The role of corporations in the shift toward computer science concerns Tom McMillin, a Republican on the Michigan board of education.
“I don’t think schools exist to fulfill the needs of business,” he said. “What are students missing? If they’re going to do computer science, what are they not going to do?”
In some cases, adding a new high school computer science course can take staff away from other core classes such as math, potentially leading to larger class sizes in short-staffed districts. But for the most part, the new state learning standards call for computer science to be integrated into existing science curriculum.
Gonzalez said private funding is “critically important” to the district’s plans for computer science. Several district teachers who began teaching computer science this year attended a free, weeklong Code.org training this summer. The district also uses some federal funds earmarked for teacher training.
The sessions are open to any high school teacher. Michigan recently stopped requiring teachers to be certified in computer science in order to teach the subject. Now they are only required to obtain short-term training, like the one offered by Code.org.
It is still true that only a tiny fraction of students in Detroit are exposed to computer science.
That could soon change. Gonzalez says the basic principles of computer science will eventually be included in science lessons for all students from third through fifth grade.
Mapes, the state official, said that early exposure to computer science ideas can help erase well-documented race and gender disparities in the field.
“By the time you’ve gotten to high school, it’s really easy for girls and other students to disengage,” she said.
People of color are underrepresented in computer science jobs. Likewise, in Michigan, students of color are disproportionately unlikely to take the AP computer science exam.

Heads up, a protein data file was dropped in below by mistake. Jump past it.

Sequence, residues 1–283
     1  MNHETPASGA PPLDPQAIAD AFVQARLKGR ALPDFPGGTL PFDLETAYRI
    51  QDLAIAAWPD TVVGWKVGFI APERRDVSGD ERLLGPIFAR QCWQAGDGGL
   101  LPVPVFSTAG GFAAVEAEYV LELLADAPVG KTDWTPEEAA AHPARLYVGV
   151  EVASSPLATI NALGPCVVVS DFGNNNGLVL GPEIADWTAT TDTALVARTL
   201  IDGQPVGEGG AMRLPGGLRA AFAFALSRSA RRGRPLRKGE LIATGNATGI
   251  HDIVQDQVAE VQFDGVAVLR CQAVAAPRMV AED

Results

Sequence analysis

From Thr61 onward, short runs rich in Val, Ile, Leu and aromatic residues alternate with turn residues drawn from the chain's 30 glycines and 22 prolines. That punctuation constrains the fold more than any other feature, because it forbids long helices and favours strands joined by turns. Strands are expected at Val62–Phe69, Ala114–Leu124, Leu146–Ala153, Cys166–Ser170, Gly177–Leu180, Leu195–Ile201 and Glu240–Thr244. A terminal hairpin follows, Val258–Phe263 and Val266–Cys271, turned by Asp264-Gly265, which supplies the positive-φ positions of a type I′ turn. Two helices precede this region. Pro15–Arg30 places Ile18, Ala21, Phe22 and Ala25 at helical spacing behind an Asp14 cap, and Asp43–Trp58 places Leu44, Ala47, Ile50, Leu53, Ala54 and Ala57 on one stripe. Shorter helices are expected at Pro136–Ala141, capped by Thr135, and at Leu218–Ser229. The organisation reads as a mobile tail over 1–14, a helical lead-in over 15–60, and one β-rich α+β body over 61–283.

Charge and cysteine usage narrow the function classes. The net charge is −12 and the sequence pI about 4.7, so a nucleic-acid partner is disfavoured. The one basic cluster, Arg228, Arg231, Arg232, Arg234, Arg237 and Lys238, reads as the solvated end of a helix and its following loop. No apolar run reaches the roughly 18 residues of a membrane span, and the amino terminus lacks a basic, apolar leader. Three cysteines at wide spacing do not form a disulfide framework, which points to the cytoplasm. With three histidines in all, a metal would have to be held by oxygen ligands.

Because most students in the Detroit are people of color, the new course offerings could go a long way toward erasing these racial disparities statewide.
Consider Britteny Okorom, now a sophomore computer science major at Harvard University.
In 2018, Okorom took the first AP Computer Science class ever offered at Renaissance High School, an exam high school in Detroit. That class alone more than doubled the number of African-American students who passed the AP exam statewide compared with the previous year.
It also ensured that Okorom could keep pursuing her interest in computers in college.
“I would have been less likely to major in computer science” if not for the high school course, Okorom said. “A lot of kids come in with a lot of background in” computer science.
Lakeza Ball, who teaches computer science at Henry Ford High School in Detroit, has seen this play out firsthand.
Ball transitioned to teaching after two decades of working in IT. She helped build software that tracked General Motors’ supply chain, wrote code for the company that would later become HP, and helped Blue Cross Blue Shield prepare its computer systems for Y2K.
During those years, she said, she was often the only black woman in the room. Now she’s working to help young Detroiters enter her profession.
“Sometimes I get a little frustrated because our young people want to play, and be on their phones and doing video games. I want them to make the video games.”